A nephrostomy tube is a thin plastic tube that is passed from the back, through the skin and then through the kidney, to the point where the urine collects. Its job is to temporarily drain the urine that is blocked. This allows the kidney to function properly and protects it from further damage.
What comes out of a nephrostomy tube?
It is put in through your skin and into your kidney to drain your urine (pee). You may need a nephrostomy tube when something is blocking your normal flow of urine. Urine from your kidney passes through tubes called ureters.
The Procedure. At the end of your surgery, your doctor inserts a nephrostomy tube through your back and into your kidney. The soft plastic tube is then connected to a drainage bag outside of your body. Your doctor may also insert a nephrostomy tube before surgery to help treat a blockage from a stone.
Flushing the nephrostomy tube with normal saline. If the flow of urine from the tube decreases or stops, the tube may need to be flushed with a salt water solution called normal saline. This clears any small pieces of waste that might be blocking the catheter from draining. Flushing is also called instilling.
This type of urinary diversion includes a nephrostomy and urinary catheterization. A nephrostomy involves a small tube inserted through the skin directly into a kidney. A urostomy is a stoma that connects to the urinary tract and makes it possible for urine to drain out of the body when regular urination cannot occur.
Percutaneous nephrostomy (PCN) tube is a catheter (plastic tube) that is inserted through your skin into your kidney. The nephrostomy tube is placed to drain urine from your body into a collecting bag outside your body.
In the majority of patients, the stents are required for only a short duration, from a few weeks to a few months. However, a stent in the right position can stay in for up to three months without the need to replace it. When the underlying problem is not a kidney stone, the stent can stay even longer.
Stents will last forever if they are made of some sort of metal as most are. There is a new product on the market, a new heart stent that dissolves in the artery three years after being implanted.
Percutaneous nephrolithotomy (PCNL) is a minimally-invasive procedure to remove stones from the kidney by a small puncture wound (up to about 1 cm) through the skin. It is most suitable to remove stones of more than 2 cm in size and which are present near the pelvic region.
Recovery from angioplasty and stenting is typically brief. Discharge from the hospital is usually 12 to 24 hours after the catheter is removed. Many patients are able to return to work within a few days to a week after a procedure.
A ureteral stent (pronounced you-REE-ter-ul), or ureteric stent, is a thin tube inserted into the ureter to prevent or treat obstruction of the urine flow from the kidney. The length of the stents used in adult patients varies between 24 and 30 cm.
A percutaneous nephrostomy is the placement of a small, flexible rubber tube (catheter) through your skin into your kidney to drain your urine. It is inserted through your back or flank.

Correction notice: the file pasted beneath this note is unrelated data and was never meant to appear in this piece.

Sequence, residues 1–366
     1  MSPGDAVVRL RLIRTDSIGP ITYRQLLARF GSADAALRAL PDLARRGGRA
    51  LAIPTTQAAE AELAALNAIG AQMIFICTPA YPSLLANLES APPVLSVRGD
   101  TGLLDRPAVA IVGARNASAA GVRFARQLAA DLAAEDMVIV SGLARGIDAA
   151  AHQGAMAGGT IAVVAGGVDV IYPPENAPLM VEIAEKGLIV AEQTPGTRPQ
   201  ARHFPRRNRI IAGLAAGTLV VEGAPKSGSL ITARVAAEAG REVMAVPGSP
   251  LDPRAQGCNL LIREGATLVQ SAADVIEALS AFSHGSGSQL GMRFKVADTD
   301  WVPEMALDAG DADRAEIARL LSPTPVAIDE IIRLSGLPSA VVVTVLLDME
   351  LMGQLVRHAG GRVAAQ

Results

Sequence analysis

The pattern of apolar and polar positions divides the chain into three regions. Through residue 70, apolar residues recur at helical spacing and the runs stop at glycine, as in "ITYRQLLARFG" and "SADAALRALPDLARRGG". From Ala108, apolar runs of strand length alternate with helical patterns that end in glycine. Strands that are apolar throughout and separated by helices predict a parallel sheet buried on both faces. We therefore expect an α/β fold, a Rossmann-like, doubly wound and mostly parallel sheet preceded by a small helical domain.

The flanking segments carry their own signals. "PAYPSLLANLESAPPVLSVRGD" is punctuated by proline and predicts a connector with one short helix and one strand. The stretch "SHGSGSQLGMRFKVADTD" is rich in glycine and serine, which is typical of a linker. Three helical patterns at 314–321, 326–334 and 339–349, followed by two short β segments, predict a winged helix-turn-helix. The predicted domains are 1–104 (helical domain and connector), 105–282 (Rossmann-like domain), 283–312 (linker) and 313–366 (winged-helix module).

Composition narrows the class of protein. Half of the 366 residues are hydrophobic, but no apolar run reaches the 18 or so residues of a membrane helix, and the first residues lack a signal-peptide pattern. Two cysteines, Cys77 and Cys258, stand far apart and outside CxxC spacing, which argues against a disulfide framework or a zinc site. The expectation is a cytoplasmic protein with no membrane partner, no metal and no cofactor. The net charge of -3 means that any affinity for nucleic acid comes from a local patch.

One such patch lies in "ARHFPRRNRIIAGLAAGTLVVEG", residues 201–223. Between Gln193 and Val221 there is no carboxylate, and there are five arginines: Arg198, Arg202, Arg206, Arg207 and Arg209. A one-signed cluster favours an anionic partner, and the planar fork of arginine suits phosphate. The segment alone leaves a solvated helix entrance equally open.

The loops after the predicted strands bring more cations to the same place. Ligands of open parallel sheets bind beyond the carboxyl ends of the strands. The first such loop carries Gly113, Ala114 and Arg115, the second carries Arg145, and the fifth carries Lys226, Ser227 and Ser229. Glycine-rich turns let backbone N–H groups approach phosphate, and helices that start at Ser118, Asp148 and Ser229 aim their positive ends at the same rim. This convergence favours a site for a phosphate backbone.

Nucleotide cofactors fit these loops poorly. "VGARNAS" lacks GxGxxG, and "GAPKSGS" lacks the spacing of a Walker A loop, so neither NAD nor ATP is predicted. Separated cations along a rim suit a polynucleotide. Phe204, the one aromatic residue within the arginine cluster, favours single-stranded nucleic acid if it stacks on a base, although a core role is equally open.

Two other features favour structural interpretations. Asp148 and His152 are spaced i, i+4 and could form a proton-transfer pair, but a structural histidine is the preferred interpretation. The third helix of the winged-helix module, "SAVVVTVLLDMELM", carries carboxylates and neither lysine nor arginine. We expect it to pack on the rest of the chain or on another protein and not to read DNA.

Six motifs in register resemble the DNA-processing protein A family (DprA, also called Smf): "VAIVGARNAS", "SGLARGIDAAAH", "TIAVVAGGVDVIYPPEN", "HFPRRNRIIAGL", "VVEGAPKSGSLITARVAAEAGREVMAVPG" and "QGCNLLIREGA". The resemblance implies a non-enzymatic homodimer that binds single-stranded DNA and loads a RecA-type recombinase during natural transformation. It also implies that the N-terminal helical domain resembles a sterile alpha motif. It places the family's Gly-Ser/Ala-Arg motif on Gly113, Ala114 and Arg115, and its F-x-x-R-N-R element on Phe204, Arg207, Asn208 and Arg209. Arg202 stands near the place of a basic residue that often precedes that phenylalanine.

Be aware of these common side effects from a ureteral stent:
- Discomfort and pain, usually experienced as a dull feeling in your sides and groin, and can get worse while you are urinating.
- Blood in your urine.
- A feeling of fullness and a constant need to urinate (urgency and frequency).
A nephrostomy is an artificial opening created between the kidney and the skin which allows for the urinary diversion directly from the upper part of the urinary system (renal pelvis). An urostomy is a related procedure performed more distally along the urinary system to provide urinary diversion.
Your Recovery. A ureteral (say "you-REE-ter-ul") stent is a thin, hollow tube that is placed in the ureter to help urine pass from the kidney into the bladder. You may have a small amount of blood in your urine for 1 to 3 days after the procedure.
A suprapubic catheter is a hollow flexible tube that is used to drain urine from the bladder. It is inserted into the bladder through a cut in the tummy, a few inches below the navel (tummy button).
To place the stent, your doctor will first insert a cystoscope (thin, flexible tube with a camera) through your urethra (the small tube that carries urine from your bladder to outside your body) and into your bladder. They will use the cystoscope to find the opening where your ureter connects to your bladder.
A ureteral stent is a small, soft, tube about 10 - 12 inches long and about as big around as a coffee swizzle stick (see picture above, on left). It is placed in the ureter, which is the muscular tube that drains urine from the kidney to the bladder (see picture above, on right).
There are two ways to remove ureteral stents. Commonly, the stent is removed by cystoscopy, an outpatient procedure which takes only a few minutes. During cystoscopy the Urologist places a small flexible tube through the urethra (the hole where urine exits the body).
An antegrade percutaneous internal/external nephroureteral (PCNU) stent is placed percutaneously, establishing antegrade access to the kidney, ureter, and urinary bladder. A segment of the stent remains outside the patient from the flank, which can be capped or connected to gravity drainage.
Pyeloplasty is the surgical reconstruction or revision of the renal pelvis to drain and decompress the kidney. Most commonly it is performed to treat an uretero-pelvic junction obstruction if residual renal function is adequate.